Friday, June 14, 2013

Story Behind the Maharajah Jungle Trek


To me, there are many things that separate Disney parks from all the other parks, even Universal. One of the biggest things is theming. Disney is chuck full of it. Everywhere. And one of the best types of theme is the back story. Many attractions all over Disney World have a back story and just about all of Disney's Animal Kingdom has one, as well. I would guess around 98.7% of the people that attend the attraction or land or eatery, have no idea there is such a story behind it. But its there in all the little details if you look closely enough. And I want to help you learn these stories so you too can better appreciate the areas of the park.


The first I want to address is the Maharajah Jungle Trek. This origin is greatly detailed and, to be fair, a little more obvious then some of the others. Mostly because there is a sign giving a brief origin story to the zoological trail.  The trek (at least where you leave the bat exhibit) is the old hunting grounds of King (or Rajah) Bhima Disampati who founded it in 1544. The good old King decided it would be a lot easier hunting for himself, and his noble guests, if everything was enclosed to keep the animals from leaving the grounds. So, he created the royal preserve with a hunting lodge.


But irony is a pretty cruel fate, and King Bhima was killed, mauled by a tiger. There is actually a mural in the last tiger exhibit depicting this. This, also, is the site of the attack. The exhibit I am talking about is the one you can see from the bridge just before getting to the aviary. But more on the aviary later.


The first display of the tigers is just past the bats. It's here where much of the hunting occurred. You see the King built these fountains to attract tigers, since they love the water so much. The overpass you stand on is where the hunter would lie in ambush raining arrows down on the tigers. Rajah Disampati is also depicted here in a fresco. You will see a hunter with a cocked bow. That's Bhima. There are three other rajahs depicted in these murals. They are the three rajahs who succeeded Disampati. They are not named but are called the Rajah who brought peace with nature (he has an ornate blue gown and carries a flower and who restores the temple after war has brought it down ), the Rajah who brought peace with man (he wears a red turban and carries what appears to be a golden birdhouse, he represents material pleasures of wealth), and the Rajah who brought peace with the animals (an old hermit holding birds, who suffers at the whim of nature and abandons the people). It is these three kings who brought peace to the place and made it a place where nature is nurtured. Of the four, only Bhima carries something destructive, a bow and arrow.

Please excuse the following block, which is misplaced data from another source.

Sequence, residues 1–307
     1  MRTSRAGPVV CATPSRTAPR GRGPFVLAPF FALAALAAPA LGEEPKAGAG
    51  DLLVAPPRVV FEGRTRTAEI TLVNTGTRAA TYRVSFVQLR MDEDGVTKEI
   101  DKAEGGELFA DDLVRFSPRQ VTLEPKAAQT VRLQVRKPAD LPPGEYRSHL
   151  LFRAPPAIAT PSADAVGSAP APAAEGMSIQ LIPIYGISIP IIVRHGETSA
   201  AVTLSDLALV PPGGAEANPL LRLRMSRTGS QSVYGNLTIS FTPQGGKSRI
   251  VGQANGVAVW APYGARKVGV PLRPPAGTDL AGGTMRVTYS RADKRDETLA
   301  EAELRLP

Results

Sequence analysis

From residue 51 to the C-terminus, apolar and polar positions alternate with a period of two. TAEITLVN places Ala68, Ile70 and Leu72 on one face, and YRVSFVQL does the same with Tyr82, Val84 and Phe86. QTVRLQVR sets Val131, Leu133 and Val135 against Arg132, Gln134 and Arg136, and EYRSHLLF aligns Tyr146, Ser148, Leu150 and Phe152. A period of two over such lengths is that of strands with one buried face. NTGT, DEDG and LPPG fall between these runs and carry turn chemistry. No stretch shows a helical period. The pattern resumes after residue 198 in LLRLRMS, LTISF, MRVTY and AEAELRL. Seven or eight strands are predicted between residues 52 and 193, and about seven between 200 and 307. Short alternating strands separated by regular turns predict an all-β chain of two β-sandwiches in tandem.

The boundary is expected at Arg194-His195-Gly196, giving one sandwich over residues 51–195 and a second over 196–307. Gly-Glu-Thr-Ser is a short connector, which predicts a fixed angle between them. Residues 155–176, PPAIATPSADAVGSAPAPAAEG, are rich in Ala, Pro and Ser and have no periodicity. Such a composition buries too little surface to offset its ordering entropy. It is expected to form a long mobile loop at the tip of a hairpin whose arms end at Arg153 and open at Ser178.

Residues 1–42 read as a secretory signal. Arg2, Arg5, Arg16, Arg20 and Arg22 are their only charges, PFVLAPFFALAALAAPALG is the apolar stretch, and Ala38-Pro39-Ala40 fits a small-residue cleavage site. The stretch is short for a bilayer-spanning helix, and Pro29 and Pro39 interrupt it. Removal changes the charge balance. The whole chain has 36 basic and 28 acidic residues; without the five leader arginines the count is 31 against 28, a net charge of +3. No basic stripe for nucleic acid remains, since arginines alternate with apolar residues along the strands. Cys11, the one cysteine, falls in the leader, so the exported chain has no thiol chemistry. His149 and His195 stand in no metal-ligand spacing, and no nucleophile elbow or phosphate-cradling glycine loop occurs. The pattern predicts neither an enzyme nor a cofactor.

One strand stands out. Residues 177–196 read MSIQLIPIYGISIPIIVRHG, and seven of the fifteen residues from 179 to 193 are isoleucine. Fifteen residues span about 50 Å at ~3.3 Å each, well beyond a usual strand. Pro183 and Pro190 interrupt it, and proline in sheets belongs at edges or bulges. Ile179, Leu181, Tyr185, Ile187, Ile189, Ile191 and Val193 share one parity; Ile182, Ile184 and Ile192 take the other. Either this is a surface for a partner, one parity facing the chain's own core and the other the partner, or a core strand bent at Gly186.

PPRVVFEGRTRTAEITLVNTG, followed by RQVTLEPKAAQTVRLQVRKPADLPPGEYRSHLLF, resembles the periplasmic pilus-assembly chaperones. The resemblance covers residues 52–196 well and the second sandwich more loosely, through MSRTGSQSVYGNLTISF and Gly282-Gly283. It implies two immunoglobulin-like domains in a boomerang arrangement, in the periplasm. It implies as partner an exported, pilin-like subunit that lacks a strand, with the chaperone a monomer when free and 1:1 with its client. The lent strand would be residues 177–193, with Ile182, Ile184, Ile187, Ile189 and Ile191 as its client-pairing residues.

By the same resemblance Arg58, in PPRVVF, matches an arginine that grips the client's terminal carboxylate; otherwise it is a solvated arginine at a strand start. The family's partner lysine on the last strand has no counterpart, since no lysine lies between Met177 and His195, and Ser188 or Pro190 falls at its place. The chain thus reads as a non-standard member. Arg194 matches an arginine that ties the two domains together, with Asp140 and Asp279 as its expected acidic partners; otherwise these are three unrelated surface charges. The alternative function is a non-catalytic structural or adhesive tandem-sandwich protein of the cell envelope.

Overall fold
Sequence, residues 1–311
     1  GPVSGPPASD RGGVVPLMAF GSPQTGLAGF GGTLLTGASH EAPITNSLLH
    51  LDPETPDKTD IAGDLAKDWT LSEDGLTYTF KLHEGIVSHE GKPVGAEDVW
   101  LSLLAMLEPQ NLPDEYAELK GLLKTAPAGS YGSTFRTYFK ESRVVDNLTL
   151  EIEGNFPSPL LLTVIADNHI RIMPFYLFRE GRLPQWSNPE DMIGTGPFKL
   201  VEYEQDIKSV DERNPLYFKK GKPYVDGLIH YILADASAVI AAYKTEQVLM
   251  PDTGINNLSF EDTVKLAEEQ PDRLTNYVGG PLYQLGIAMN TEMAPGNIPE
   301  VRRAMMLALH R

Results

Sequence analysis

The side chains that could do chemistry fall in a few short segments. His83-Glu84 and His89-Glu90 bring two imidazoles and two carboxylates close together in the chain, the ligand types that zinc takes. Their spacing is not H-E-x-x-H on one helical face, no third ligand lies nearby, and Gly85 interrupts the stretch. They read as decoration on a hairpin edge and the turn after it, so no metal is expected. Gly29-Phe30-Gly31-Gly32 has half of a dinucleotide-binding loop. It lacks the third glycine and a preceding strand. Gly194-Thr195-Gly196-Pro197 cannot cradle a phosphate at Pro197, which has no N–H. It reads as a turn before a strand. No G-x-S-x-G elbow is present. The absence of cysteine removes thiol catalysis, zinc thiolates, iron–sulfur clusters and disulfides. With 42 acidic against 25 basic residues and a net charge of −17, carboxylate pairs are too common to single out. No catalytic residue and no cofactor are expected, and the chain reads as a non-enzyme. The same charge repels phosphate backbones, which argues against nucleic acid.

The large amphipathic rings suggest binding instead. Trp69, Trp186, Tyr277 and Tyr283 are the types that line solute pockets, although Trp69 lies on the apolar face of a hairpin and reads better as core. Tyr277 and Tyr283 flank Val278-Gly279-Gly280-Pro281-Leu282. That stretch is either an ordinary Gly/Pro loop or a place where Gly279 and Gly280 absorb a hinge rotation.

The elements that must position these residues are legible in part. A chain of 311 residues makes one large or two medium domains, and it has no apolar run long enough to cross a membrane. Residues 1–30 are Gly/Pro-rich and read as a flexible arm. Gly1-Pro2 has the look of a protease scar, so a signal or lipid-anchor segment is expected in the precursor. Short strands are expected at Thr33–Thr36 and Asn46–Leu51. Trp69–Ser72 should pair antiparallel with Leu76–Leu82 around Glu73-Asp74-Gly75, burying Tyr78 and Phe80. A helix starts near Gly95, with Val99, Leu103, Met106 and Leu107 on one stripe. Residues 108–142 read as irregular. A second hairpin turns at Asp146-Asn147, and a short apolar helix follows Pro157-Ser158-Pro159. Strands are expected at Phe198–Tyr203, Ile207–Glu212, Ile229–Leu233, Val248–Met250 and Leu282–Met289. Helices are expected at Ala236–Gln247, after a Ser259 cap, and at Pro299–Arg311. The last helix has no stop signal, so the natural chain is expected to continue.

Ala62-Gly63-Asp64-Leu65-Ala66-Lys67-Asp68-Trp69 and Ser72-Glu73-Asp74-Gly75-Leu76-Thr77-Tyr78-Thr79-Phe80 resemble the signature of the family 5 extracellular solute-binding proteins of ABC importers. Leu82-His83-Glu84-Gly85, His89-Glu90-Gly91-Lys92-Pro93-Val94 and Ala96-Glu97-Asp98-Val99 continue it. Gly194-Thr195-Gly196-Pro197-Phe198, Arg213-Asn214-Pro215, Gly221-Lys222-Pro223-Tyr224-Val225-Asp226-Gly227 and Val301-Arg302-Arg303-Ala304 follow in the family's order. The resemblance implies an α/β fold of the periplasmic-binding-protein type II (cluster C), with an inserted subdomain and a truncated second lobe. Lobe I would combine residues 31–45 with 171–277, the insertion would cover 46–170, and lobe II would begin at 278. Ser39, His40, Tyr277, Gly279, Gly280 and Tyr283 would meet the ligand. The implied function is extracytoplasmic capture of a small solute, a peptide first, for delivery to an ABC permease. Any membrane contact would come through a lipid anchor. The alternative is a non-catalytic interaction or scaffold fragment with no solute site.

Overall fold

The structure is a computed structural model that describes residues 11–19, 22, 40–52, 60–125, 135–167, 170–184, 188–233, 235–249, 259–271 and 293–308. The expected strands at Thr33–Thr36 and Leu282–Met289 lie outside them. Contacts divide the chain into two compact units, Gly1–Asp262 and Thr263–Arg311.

But not all went well for the land of Anandapur. Like much of Asia, it became a colony. How do I know this? Well, there is a sign that calls this place the "Royal Anandapoor Forest", a deliberate misspelling establishing the role Imperial Britain had over the land. Like I said, most guests would never pick that up. Well, now you know. Also, on many signs, the English doesn't seem quite right. Well, that's because the locals tried translating their language to the language of their colonial leaders.  But, also like much of Asia, Anandapur regained it's independence after World War II. The people of Anandapur again controlled their beloved forest. Again, a sign lays this out to some degree for the visitor, assuming they took the time to look. Not many places set the origin tale out like that.


There are many signs of the villagers who live in the area throughout the trek. At the entrance, the locals have used old newspapers as insulation. There is a blackboard at the bats' exhibit maintained by the locals. The sign is an attempt to help the villagers (and you, the tourist) understand the importance of the animal to the ecosystem and to everyone's well being. Just before seeing the ruins of the hunting lodge, there is a tree decorated with scarves and bells. These have all been left by the villagers. The scarves and garland on the coral tree are offerings. The bells represent prayers that have been answered. Just past the Eld's deer and banteng, there is a small garden. This is a medicinal garden maintained by the locals for, well, growing medicines. Also, take a close look at the water jugs just before crossing the bridge. Here, there is potable water, a rarity in the jungle, so the villagers are constantly here to refill the jugs, sometimes even leaving a bicycle behind. And, as you cross the bridge, there are more prayer flags overhead. These flags help carry prayers up to the heavens.


Now, before I told you there was more to the aviary then just a bird exhibit. Before entering it, you have reached the tomb and sarcophagus of Ananta, the man who founded the Kingdom of Anandapur. There are carvings here that depict the story of these lands and the relationship of man and beast here. The first carving shows man and beast living peacefully. The second shows all the animals huddled under a tree for shelter, afraid of what man has become. The third shows just what he has become, cutting down a tree and scaring away animals. The fourth shows the heavens really ticked off at man which is shown by severe storms and flooding. And finally, the fifth shows man and beast again living together. The man shown in these carvings is Ananta. It is his tomb you enter just before heading into the bird area. The aviary itself was once the grand ballroom of the lodge. Look down and notice the fancy tiles on the ground. It shows that no matter what nature will reconquer what man does.

by Safari Mike (twitter: @JamboEveryone)

No comments:

Post a Comment